First RADAR-CNS paper on acceptability of speech recording presented at major speech conference

The peer-reviewed study showed that RADAR-CNS participants were more comfortable completing a task that involved reading a script than a task that involved free speech and that individuals with more severe depression felt less comfortable recording their speech.

The use of smartphones to record people’s speech is gaining interest as a form of remote measurement technology to collect valuable data that can be used in research and to inform healthcare.

Major depressive disorder (MDD) is a mood disorder that causes a persistent feeling of sadness and loss of interest and each year affects about 7% of people in Europe. Symptoms can fluctuate, and continuous monitoring could help patients and healthcare workers to better understand an individual’s experience and identify possible patterns and risk factors for the worsening of symptoms.

Surveying acceptability

The study, which was presented at the conference by first author Dr Jude Dineley (view recording), used a survey to explore how comfortable people with MDD in Spain and the UK felt about completing two different speech tasks on a smartphone app. The first task asked participants to read out loud passages of text, and the second task prompted participants to talk about something they may be looking forward to in the following week. From these tasks, researchers can detect changes in various features of an individual’s speech such as pitch and pause rate which could potentially provide insight into their current mental state.

Survey links were sent to 384 participants and 209 people responded. The main aim of the survey was to assess the acceptance, facilitators and barriers of smartphone-based speech recording in order to evaluate its feasibility as a remote monitoring technology for people with MDD and to provide insight into how to refine the approach.

Study findings

The analysis showed that, overall, participants were more comfortable completing the scripted speech task than the free speech task. For both speech tasks, researchers found depression severity to be significant predictor of discomfort in completing the task. This could be due to the increased fatigue and impairment of thought processes in those with more severe depression making the task more challenging. The country where the participant lived also predicted level of comfort with those participants from Spain expressing more discomfort than those from the UK.

In total, 104 (50%) of survey responders reported encountering at least one barrier that prevented them from completing speech recordings on at least one occasion. The most commonly reported barriers were not seeing the app notifications for the speech tasks, low mood and forgetfulness.

Dr Jude Dineley, first author from the Chair of Embedded Intelligence for Health Care and Wellbeing, at the University of Augsburg said: “Our study is the first detailed look at the acceptability of smartphone-based speech recording amongst those with a formal diagnosis of major depressive disorder. The results provide an important insight into how well participants engage with the approach and what could be done to improve their experience. Ultimately, we want to improve design of future research and the quality of data we get from it.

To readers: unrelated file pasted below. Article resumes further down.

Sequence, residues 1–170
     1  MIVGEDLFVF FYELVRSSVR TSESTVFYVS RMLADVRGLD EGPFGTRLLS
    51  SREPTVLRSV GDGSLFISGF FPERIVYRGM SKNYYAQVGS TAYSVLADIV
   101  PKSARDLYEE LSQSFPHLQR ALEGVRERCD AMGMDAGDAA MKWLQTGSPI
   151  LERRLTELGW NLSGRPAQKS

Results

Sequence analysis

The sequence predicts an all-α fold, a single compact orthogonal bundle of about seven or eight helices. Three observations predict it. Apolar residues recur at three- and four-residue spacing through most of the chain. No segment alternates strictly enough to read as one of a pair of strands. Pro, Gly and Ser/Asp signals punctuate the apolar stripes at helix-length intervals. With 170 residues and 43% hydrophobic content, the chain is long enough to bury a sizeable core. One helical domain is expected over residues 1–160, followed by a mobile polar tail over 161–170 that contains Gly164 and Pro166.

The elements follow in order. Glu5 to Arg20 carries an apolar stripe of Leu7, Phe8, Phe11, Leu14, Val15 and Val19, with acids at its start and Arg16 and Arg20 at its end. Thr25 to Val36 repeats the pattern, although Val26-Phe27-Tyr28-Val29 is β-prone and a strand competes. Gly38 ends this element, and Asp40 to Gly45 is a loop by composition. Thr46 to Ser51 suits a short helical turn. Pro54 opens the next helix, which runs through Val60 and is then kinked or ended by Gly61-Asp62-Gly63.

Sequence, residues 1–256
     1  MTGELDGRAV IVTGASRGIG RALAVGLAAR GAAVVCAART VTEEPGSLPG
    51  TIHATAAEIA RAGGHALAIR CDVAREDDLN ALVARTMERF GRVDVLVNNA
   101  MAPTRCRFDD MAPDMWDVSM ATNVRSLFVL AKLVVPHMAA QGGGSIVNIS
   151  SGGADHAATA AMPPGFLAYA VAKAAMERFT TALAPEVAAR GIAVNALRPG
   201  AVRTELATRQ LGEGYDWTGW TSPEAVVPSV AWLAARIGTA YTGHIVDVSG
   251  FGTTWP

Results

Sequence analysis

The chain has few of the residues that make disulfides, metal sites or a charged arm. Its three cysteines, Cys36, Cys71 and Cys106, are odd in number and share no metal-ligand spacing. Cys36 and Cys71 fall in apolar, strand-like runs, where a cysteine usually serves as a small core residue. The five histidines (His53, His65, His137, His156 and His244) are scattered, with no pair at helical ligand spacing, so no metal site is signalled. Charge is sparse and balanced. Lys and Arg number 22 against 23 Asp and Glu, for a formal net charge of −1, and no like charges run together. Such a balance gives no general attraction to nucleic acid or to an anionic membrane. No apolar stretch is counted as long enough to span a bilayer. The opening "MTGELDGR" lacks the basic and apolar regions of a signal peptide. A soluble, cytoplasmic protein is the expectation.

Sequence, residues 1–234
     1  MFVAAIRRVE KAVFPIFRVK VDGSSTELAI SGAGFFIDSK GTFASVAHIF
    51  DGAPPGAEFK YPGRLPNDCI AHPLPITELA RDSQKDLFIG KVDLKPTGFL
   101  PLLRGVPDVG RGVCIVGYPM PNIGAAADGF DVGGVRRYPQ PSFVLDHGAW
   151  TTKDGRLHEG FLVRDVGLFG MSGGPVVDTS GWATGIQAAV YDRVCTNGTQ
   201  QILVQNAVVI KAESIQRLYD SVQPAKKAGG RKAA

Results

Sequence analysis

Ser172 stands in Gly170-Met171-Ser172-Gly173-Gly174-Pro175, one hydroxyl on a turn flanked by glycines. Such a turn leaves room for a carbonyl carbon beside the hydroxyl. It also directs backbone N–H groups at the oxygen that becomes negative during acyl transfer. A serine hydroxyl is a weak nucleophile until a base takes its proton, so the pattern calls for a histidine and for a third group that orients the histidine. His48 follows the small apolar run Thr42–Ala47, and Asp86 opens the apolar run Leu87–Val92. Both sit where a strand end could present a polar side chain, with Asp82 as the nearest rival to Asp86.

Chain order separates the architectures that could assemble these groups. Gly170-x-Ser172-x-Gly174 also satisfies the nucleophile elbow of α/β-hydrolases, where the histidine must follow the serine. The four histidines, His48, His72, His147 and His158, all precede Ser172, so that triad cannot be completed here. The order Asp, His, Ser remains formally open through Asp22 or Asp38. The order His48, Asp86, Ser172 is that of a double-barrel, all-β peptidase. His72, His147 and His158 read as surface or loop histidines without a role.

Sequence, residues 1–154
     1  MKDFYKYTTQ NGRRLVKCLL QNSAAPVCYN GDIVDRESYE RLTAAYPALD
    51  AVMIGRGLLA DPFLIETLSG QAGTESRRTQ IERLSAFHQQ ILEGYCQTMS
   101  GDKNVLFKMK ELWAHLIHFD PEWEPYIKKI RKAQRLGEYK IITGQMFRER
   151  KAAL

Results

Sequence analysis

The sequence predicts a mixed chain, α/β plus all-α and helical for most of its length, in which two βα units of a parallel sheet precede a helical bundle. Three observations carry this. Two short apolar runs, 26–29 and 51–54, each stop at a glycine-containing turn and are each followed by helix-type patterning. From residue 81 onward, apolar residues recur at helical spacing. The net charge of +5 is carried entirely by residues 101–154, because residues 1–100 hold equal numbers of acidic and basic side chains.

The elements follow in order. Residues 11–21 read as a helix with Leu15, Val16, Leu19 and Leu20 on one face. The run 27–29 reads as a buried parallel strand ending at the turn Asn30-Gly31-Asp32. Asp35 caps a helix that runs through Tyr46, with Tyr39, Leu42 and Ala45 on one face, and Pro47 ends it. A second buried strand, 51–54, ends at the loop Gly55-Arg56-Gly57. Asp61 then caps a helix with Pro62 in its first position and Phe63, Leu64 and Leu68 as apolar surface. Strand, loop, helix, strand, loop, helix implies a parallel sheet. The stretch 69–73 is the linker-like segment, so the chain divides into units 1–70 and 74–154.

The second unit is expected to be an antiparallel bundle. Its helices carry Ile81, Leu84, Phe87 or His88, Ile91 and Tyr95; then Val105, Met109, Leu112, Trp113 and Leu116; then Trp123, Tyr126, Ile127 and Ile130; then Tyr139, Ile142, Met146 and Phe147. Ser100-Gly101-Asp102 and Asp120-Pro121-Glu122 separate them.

“The next steps are to look deeper into these initial findings and expand our analysis.

We now also have survey responses from our MDD participants in the Netherlands and from our three MS study sites. This extra data is really valuable, as we can get a better insight into how acceptability compares in different countries and disorders, as well as for different levels of disorder severity.”

Dr Nicholas Cummins, Lecturer in AI for speech analysis from the Institute of Psychiatry, Psychology & Neuroscience, King’s College London said: “Understanding participant acceptance of recording speech samples is often overlooked in speech research. Taking these factors into account when designing collection protocols will help us gather larger amounts of high-quality data. The findings from this study, as well as ones from our expanded analysis, will therefore be really important in guiding how we design future speech m-Health studies.”

The Interspeech conference is the world’s largest technical conference focused on speech processing and application. This year its format will be hybrid, taking place online and physically in Brno in the Czech Republic. The peer-reviewed study was presented on Tuesday 31st August from 13:30-15:30 CEST (12:30-14:40 BST) in the virtual Diverse Modes of Speech Acquisition and Processing session and will be published in the proceedings of Interspeech 2021.

Dineley, J. et al. (2021) Preprint. Remote smartphone-based speech collection: acceptance and barriers in individuals with major depressive disorder

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